There are lots of reasons for blindness, but cataracts cause over half of cases. A pioneering and newly developed surgery may make put this in the past, although typically, a high-risk procedure is required to bring back vision to all those afflicted together. Twelve young children’s eyesight has been saved after surgeons activated stem cells inside the eye to grow an entirely new lens as the groundbreaking Nature study discloses.
Stem cells in many cases are touted as being a potentially ground-breaking column of medical science, for good reason. Various kinds of stem cells have already been shown to restore damaged heart tissue and create insulin-producing cells in a malfunctioning pancreas. Although researchers are still some way away from restoring the ability to fully regenerate ruined tissue in organs, they may be progressing along the road to that particular game-changing target.
Bearing this in mind, the team of researchers turned their stem cell experience towards cataracts. Around 20 million individuals are blind because of the damaged lenses. The condition commonly affects the elderly, but all ages may suffer from this.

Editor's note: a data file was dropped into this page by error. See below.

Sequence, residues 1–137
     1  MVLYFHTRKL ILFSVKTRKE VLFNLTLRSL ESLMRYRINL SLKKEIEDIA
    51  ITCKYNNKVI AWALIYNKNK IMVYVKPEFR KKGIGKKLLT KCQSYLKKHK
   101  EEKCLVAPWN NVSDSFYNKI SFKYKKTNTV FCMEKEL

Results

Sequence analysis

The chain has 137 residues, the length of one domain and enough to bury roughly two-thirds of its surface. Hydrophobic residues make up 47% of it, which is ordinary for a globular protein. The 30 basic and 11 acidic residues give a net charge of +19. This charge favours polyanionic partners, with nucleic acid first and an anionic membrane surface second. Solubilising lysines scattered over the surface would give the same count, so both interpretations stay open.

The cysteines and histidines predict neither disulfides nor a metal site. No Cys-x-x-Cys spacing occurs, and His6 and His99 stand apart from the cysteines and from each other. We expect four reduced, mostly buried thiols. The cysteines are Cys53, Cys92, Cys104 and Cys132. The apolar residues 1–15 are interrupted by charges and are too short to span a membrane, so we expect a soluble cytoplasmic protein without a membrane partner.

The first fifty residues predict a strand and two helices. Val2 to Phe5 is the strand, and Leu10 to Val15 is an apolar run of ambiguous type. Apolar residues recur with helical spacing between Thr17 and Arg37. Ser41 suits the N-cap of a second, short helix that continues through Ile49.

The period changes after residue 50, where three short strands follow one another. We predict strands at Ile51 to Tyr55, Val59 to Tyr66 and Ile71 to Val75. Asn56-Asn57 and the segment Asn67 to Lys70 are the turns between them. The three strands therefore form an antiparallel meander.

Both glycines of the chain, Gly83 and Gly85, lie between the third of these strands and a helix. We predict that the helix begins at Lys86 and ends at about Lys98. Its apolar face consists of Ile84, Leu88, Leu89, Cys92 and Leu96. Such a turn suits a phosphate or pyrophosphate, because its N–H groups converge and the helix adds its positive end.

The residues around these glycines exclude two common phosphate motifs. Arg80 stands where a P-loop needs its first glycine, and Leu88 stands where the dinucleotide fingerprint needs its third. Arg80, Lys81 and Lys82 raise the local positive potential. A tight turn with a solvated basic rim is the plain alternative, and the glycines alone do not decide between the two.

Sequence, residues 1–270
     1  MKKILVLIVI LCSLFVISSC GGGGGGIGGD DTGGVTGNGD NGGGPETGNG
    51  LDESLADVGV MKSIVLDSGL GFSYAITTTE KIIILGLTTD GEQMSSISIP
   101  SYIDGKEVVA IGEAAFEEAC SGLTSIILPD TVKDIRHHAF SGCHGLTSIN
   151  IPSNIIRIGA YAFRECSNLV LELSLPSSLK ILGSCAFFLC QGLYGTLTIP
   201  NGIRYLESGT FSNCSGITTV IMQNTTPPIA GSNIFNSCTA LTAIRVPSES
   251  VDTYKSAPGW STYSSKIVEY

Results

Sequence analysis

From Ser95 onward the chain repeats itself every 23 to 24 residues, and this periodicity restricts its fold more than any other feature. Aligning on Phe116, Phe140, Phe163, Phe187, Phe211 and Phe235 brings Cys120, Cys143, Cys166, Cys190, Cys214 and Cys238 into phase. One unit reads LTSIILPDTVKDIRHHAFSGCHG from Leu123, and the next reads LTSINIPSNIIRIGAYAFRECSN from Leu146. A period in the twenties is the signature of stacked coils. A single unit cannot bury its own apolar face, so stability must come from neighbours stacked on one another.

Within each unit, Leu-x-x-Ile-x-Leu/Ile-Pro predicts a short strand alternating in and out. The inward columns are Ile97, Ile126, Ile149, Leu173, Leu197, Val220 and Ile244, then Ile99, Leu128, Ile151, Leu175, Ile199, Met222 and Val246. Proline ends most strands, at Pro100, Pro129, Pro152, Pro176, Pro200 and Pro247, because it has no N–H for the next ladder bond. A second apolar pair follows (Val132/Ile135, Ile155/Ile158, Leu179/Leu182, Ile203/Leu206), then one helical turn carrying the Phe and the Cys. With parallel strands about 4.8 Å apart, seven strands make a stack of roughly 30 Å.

A standard cataract operation is inherently dangerous, and much more so when performed on children. Significant incisions are created at both front and the rear of the eye; the cloudy lens is subsequently removed and replaced using a clear, man-made one. The man-made lens doesn’t grow together with the kid, meaning that future operations are extremely likely although this restores vision. Inflammation across the incisions can also be not unusual with this kind of surgery.
Earlier experiments on macaque monkeys and rabbits investigated the stem cells lining area of the eye known as the lens capsule, which encircles the lens itself. These “epithelial lens stem cells” (or LECs) were revealed to be often ruined during standard cataract removal operation, but if left whole, they could regenerate healthy lenses.
Twelve young children under two years old were selected to get a fresh kind of minimally-invasive cataract removal operation according to these sorts of LECs. Now, attention was taken to leave their LECs as well as the lens capsules undamaged.
Unexpectedly, inside a month, the incisions were completely treated, as well as in three months the kids had regrown completely functional, naturally-grown lenses.
When compared with traditional operation, these 12 kids had a much briefer healing interval, and had much less inflammation, clearer lenses. This operation was particularly targeted at kids: Their LECs tend to be a lot and youthful more prone to regenerate a fresh lens than mature LECs.